Khelaiya Productions’ Umrao Jaan Ada brings classic tale to the stage

Superior vocals, good performances and an epic story make this retelling thoroughly enjoyable.

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A cauldron of delights brewing a famous tale, managed to cast spells on the full house that attended Khelaiya Productions’ latest musical Umrao Jaan Ada.

The play presented a gleaming revival of Mirza Mohammad Hadi Rusva’s Urdu Novel based on a famous courtesan from 19th century Lucknow.

If you steer clear of comparisons with the all-time classic movie Umrao Jaan starring the stunning Rekha, and its flop remake, this well-constructed piece of theatre stood the test of time.

Umrao Jaan.Indian Link

The freshness and seamlessness of the narrative was handled expertly by Director Harsiddhi Mody and executed brilliantly by local artists. It was hard not to be swept up in the theatrical magic conjured by those on stage.

Umrao Jaan (played by Girija Pandit) is a young girl who is kidnapped and sold to a brothel to be groomed as a courtesan (tawaif). As she matures, she becomes renowned for her beauty, singing and poetry gaining many admirers.

She falls in love with the wealthy and handsome Nawab Sultan (Rishi Kanojia) but circumstances force them away from each other. She then couples up with Faiz Ali (Ali Reshmwala) who showers her with gifts and attention. She elopes with him to discover that he is a dacoit and is wanted for his crimes.

Faiz is captured and killed by the local King’s men and Umrao is taken to the king’s court. There she meets her childhood friend Bismillah who helps her escape. She flees to Kanpur where she sets up her own kotha and continues to make a living through her performances.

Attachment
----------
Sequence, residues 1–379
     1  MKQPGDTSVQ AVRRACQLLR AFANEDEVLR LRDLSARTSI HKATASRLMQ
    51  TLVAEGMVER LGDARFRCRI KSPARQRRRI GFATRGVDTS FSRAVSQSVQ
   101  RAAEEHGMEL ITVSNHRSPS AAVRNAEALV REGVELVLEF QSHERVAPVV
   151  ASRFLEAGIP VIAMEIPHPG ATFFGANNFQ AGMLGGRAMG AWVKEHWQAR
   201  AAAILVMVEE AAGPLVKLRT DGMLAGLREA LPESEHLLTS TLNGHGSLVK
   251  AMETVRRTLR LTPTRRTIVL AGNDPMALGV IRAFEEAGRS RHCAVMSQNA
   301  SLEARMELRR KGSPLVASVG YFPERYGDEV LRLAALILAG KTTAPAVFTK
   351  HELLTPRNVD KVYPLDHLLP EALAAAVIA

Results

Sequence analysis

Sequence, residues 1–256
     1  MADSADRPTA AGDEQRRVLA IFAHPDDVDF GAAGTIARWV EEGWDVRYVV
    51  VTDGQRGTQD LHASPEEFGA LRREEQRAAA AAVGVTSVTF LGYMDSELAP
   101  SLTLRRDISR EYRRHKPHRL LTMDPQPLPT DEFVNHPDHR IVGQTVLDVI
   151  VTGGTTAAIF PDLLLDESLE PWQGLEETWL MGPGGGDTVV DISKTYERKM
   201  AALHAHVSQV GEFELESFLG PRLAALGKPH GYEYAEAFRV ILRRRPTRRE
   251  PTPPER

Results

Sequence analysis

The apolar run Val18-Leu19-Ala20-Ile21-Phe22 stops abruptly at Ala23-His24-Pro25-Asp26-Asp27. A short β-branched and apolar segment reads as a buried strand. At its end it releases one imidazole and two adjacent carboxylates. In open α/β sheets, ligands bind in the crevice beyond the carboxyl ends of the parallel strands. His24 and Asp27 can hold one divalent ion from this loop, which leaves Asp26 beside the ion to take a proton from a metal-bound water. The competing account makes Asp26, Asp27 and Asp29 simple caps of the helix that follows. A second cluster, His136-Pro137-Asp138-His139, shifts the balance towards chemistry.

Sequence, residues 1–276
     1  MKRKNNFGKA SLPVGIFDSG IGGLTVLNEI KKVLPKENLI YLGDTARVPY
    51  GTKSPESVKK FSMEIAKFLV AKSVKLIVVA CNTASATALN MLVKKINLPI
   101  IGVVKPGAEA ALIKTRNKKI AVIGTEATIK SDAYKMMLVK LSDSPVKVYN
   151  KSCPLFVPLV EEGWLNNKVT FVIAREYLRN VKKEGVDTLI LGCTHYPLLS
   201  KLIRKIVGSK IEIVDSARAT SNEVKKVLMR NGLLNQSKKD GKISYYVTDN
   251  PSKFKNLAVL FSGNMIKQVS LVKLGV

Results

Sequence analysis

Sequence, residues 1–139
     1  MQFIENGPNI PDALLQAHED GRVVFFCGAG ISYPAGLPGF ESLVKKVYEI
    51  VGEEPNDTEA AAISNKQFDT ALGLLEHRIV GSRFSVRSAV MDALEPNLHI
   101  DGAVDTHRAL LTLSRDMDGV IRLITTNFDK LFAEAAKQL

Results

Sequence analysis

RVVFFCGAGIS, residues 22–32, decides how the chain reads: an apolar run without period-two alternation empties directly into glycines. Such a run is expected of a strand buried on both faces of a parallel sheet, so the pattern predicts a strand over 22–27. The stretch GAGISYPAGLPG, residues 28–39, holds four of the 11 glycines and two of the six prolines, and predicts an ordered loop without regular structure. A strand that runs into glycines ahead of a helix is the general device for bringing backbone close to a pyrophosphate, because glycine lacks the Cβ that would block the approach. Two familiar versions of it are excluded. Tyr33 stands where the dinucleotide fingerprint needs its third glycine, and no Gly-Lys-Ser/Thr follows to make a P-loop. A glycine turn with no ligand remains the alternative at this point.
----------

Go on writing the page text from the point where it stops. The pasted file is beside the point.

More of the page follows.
In Kanpur, she comes across Ramdei – another girl who she had met briefly when they were kidnapped as young girls. Ramdei was sold to another benefactor. Umrao realises that, by a twist of fate, Ramdei is the woman who her lover Nawab Sultan ended up marrying.

Umrao Jaan3.Indian Link

She is convinced to return to Lucknow by her friend Gauhar Mirza (Abhijit Sahastrabuddhe) and foster mother Hussaini (Shanti Calpakam) and is duped into a false marriage to Gauhar Mirza. Umrao is heartbroken at the deception and gives Gauhar all her savings and asks him to leave.

This is when the British begin their rule in India and dethrone the Nawabs, resulting in the closure of many kothas. Umrao and other courtesans are forced to flee Lucknow.

Umrao seeks refuge in the small town of Faizabad, where she becomes a famous tawaif. She is reunited with her mother in Faizabad, but her brother disowns her. Rejected by family and dejected in love, the hapless Umrao lives her remaining days in Lucknow.

Girija plays Umrao beautifully, teetering on the edge of high drama and heartbreak with a distinctively melodious, ever yearning voice. Her talent is the heart of the entire show and most crucially, her singing. She delights on both counts.

Umrao Jaan1.Indian Link

Rachna Gupta as Khanum Jaan proves to be a formidable mix of a loving and intimidating personality and gets deep into the skin of her character. Abhijit as Gauhar Mirza brings some lightness to the tragedy. The rest of the cast complement the lead actress very well.

Gopal Ganwani, as the anchor, threads the story together skilfully. Deepak Joshi as the Moulavi Saheb who mentors Umrao, looks the part and is interesting in his own right.

The talented musicians carry the plot forward, enhancing the complexity that the audience is visually witnessing. The Kathak dancers enrich the audience’s experience of the world of courtesans as it was then. The sets are simple and the costumes are passable, although not historical.

Umrao Jaan2.Indian Link

The vocals were superior and the rendition of Amir Khusro’s Zihaal-e-Miskin sung by Suneel Chalisgaonkar and Atul Fotedar truly elevated the spirit. The occasional lapses in the enunciation of Urdu during the play, can be easily overlooked, as the effort in getting it right was clearly visible.

The first half goes slowly and then everything suddenly ramps up in the second half, giving it a slightly rushed feel. However, the audience is drawn into this story of love and struggle that is immersed in opulent culture with traditional ghazals, thumris and qawalis.

For Harsiddhi, recreating this epic tale had always been a cherished dream and she was delighted that the six months of rehearsals resulted in an overall performance of intensity, nuance and rigour. On popular demand, she will be presenting another show of Umrao Jaan Ada in October this year.